Central Maharashtra has had too much rain. Now we hope for a continuation which is closer to the norm in September and October.

This decides the future of the jowar crop which is sown in October as a rabi crop in western India. By November the planting is generally over. With a growing period of approximately 100-110 days, in January, around Republic Day , we can expect one of the delights of the mild winter we have here...hurda.That is the local name for young green jowar kernels.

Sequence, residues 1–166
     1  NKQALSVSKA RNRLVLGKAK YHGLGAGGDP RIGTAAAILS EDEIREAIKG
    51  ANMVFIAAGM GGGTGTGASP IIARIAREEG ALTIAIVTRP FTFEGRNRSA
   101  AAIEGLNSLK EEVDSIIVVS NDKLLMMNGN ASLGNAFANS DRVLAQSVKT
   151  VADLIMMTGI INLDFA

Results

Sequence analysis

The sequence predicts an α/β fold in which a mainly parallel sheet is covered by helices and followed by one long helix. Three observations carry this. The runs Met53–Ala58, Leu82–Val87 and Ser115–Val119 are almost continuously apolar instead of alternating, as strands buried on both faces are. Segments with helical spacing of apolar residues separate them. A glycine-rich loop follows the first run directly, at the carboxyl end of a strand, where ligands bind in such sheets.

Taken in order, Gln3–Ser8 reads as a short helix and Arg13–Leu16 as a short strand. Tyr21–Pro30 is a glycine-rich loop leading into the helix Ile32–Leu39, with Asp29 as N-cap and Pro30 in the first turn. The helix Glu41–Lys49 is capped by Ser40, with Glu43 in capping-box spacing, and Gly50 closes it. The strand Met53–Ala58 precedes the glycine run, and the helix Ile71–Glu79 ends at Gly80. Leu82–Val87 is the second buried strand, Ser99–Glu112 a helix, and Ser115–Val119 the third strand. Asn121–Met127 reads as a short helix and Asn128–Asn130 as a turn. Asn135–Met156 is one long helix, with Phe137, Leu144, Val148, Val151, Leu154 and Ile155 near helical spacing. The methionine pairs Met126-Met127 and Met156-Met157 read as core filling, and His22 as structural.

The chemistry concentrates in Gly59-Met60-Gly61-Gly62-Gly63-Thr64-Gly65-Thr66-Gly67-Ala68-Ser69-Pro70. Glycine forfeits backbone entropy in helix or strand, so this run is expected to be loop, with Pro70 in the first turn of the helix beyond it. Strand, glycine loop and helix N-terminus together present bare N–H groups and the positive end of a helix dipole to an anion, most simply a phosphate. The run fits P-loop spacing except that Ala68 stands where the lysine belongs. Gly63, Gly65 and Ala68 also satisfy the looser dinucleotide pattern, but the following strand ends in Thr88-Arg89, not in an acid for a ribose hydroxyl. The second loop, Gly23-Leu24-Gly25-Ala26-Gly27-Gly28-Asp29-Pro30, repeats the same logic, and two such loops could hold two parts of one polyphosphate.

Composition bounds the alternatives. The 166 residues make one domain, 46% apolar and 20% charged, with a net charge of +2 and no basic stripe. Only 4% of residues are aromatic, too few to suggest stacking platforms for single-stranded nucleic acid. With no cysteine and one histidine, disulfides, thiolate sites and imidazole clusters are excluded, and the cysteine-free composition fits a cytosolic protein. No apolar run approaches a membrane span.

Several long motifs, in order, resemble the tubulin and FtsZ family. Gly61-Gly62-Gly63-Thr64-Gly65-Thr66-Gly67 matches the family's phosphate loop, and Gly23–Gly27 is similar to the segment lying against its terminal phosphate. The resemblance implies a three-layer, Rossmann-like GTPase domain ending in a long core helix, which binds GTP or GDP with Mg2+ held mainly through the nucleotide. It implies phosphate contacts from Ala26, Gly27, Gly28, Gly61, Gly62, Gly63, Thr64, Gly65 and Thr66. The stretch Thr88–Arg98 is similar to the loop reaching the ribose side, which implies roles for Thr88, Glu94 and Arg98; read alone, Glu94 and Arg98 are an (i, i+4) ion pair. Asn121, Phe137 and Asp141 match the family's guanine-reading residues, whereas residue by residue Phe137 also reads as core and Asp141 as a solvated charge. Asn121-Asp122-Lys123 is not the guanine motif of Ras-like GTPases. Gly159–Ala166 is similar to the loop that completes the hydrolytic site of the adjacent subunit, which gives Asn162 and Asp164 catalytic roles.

Hurda / Young Sorghum kernels

Cut from the plant and roasted over a coal fire it is sheer succulent sweetness . If removed from the cob I often make a delicate flavoured snack very simply. Saute some ginger garlic paste in a teaspoon of butter or ghee, add the hurda and a pinch of salt. Mix well and cook for a minute or two. Eat immediately.

My mouth is watering as I think of the good things to come.